Heat, drink and be merry: Hot cocktails are an exotic way to keep the January chills at bay


There once was a time when if we wanted to warm ourselves up with a hot tipple, then a glass of mulled wine it would be. Someone would get a bad bottle of red, warm it and laden it with a cloying blend of seasonal spices. Or, if they couldn't stretch to that, they'd make coffee, add a splash of whatever liquor they had to hand, and call it an Irish coffee. But now, thankfully, it seems we have become a little more discerning. This winter, all the best bar menus are awash with carefully crafted winter cocktails and inventive ot drinks.

"A few years ago, it could be tricky to get served a hot toddy without someone looking down their nose at you," says industry expert Shannon McCoy, from Barchick.com. "But now people are paying more attention to warm cocktails, and most decent bars will have at least one or two on their menus. It's part of the big cocktail surge that's going on at the moment. Everyone is focusing on all aspects of the cocktail, and hot winter drinks are part of that."

What's refreshing about this trend is that it's not just traditional drinks such as wine and cider that we are experimenting with. We are now seeing hot negronis, Absinth hot chocolate, and, during the past festive season, Christmas Pimms and, at the Talented Mr Fox bar in One Leicester St Hotel, Christmas Pudding Martini.

An establishment ideally placed to capitalise on this trend is the Shoreditch Grind, a coffee shop by day and cocktail bar by night – one of the first in London to double up thus – in Old Street. Its most popular offering this season is a Hot Flat White Russian made with Venezuelan Araku rum, coffee liqueur and warm milk. The staff have also been experimenting with teas to create festive concoctions such as Lavender Hot Tod Tea, combining lavender extract, honey and single-malt scotch.

"Hot drinks are our bread and butter, so it was only natural that they found their way onto our bar," says Ted Robinson, of Shoreditch Grind. "We weren't happy with just mulled wine or cider and Irish coffee, so we had to invent some of our own. Combining the skills of some extremely talented baristas with a handful of innovative bartenders has produced some exciting results. We've had our signature Hot Flat White Russian on the menu for over a year now, and it's exciting to see so many other bars experimenting, too."

Similar alcoholic alchemy is going on at the Babylon Winter Terrace at the Roof Gardens in Kensington. Until recently, it just had mulled wine or Irish coffee on the menu. Two years ago, the bar introduced Castro's Cola, a classic Cuba libra, served warm, and since then it has never looked back. "Every week, there is a step forward as it's such a strong trend at the moment," says Max Butterfield, assistant bar manager. "Each venue wants to get ahead of the next, so there is so much more imagination as well as awareness about ingredients and methods used."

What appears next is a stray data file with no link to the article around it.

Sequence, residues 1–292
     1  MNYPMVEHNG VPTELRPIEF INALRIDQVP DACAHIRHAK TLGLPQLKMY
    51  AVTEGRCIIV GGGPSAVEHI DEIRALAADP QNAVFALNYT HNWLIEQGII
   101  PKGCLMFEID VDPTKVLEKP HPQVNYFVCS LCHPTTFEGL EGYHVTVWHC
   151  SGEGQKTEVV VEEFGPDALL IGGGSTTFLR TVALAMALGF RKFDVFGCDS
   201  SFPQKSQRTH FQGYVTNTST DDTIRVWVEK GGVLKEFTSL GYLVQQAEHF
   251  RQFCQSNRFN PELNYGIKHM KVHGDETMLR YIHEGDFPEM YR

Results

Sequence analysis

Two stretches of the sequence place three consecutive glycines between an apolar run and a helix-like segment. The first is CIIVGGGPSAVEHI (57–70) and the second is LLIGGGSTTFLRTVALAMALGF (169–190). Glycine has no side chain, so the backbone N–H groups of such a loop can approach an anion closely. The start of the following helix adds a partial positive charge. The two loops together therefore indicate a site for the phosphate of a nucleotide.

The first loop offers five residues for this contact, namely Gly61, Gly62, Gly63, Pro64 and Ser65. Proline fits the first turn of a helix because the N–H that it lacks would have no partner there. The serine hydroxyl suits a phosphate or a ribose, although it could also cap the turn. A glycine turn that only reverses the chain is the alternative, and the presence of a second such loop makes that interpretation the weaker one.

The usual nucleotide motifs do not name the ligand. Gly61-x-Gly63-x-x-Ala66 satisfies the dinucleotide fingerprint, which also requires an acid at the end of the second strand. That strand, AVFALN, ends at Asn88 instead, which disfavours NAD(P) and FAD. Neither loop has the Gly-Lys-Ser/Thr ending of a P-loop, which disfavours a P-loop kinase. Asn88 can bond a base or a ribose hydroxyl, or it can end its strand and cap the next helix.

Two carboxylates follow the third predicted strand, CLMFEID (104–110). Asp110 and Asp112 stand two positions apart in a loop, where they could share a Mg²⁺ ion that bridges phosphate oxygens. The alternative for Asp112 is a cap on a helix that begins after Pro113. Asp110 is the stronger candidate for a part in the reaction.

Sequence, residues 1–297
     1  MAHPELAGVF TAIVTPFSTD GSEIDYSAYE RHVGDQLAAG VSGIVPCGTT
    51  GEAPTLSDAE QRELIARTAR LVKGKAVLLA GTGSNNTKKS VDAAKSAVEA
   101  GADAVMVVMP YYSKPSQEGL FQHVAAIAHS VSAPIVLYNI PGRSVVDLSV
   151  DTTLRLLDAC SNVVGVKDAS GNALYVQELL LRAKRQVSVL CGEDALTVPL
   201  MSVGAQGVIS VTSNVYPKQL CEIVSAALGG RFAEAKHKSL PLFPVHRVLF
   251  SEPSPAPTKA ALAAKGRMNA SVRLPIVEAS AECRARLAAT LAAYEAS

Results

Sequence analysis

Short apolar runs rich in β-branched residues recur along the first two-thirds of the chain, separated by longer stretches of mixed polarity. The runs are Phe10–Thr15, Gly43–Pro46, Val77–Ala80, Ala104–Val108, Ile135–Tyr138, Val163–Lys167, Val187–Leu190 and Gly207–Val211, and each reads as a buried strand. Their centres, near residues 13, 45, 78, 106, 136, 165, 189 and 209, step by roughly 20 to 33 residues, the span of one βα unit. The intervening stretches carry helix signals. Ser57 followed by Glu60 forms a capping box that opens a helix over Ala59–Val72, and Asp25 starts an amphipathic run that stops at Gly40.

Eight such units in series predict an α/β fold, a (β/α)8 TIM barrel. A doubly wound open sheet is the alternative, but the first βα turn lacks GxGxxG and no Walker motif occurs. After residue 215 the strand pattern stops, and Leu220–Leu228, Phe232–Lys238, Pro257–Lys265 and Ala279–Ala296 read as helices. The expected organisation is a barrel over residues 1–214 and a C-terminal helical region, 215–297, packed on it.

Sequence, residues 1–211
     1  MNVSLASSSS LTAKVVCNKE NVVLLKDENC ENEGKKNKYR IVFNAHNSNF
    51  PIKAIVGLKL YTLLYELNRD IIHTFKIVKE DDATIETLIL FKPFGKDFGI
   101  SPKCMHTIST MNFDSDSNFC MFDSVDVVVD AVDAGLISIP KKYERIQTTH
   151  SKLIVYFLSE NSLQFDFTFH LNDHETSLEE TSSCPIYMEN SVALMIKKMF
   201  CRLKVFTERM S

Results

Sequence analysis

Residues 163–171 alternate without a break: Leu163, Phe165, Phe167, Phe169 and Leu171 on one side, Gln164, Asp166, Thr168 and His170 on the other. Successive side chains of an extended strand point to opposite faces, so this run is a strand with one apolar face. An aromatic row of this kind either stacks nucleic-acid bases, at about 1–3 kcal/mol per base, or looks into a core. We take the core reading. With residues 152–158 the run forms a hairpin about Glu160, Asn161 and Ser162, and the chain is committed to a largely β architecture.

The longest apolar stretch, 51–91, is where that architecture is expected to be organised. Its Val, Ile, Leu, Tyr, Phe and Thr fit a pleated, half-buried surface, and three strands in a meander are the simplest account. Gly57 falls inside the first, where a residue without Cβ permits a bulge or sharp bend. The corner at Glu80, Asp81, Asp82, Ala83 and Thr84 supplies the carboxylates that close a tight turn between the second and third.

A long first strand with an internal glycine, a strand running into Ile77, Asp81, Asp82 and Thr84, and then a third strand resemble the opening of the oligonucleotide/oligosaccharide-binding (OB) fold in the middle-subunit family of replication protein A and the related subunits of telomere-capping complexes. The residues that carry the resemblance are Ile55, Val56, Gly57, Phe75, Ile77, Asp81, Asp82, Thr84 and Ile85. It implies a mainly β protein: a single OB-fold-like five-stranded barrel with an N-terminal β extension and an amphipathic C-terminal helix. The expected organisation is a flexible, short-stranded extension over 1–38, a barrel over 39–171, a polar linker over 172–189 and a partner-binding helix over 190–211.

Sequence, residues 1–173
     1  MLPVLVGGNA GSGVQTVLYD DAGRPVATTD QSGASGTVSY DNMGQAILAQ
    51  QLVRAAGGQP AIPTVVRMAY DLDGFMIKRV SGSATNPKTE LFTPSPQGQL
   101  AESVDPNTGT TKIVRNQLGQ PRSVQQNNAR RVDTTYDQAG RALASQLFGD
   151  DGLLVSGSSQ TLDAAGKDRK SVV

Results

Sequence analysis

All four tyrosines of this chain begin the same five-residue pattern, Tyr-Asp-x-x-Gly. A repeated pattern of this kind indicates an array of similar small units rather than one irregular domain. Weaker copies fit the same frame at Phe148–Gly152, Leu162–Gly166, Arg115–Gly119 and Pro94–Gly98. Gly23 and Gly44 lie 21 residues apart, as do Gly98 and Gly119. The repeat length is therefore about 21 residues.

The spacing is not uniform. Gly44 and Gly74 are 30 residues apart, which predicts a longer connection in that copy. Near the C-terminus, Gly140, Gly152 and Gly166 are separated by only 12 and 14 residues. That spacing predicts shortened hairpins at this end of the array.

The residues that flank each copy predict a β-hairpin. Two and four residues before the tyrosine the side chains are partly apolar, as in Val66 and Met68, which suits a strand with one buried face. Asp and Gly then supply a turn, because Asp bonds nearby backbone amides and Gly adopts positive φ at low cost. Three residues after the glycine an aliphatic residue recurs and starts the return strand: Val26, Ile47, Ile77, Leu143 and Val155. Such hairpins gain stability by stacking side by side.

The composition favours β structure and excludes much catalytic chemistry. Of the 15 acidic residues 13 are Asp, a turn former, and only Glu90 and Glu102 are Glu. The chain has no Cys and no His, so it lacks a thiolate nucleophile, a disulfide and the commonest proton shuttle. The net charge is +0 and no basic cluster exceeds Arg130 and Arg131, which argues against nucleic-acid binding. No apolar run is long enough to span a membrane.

This winter, the bar's mixologist, Sara Cook, has expanded the Roof Garden's repertoire further and new on the menu is Hot Ginger Chic, made from Tanqueray gin infused with chicory, ginger and spiced syrup, and another invention called Black Magic, made with calvados, cassis and black walnut bitters. "It's got a lovely earthy, chestnutty flavour – just like Christmas cake," says Butterfield.

The Broadway Bar and Grill's hot apple toddy The Broadway Bar and Grill's hot apple toddy
Warm winter cocktails are a trend that ties neatly into our ongoing love for rooftop and al-fresco dining. No longer are we scared by the elements – we are just finding ways to deal with them, and a lovely warm drink is perfect for this. For the second year running, Gordon Ramsay's pop-up Winter Cabin at the York & Albany in Camden drew crowds over Christmas with spiced bloody Marys or buttered rum hot chocolate, all served against a decadent backdrop of animal skins, tartan rugs and decorative taxidermy. Meanwhile, over in Hackney, the Skylodge on London Fields built a rooftop lumberjack-style chalet serving Hot Sucker Punch, a 19th century-style sherry-based toddy.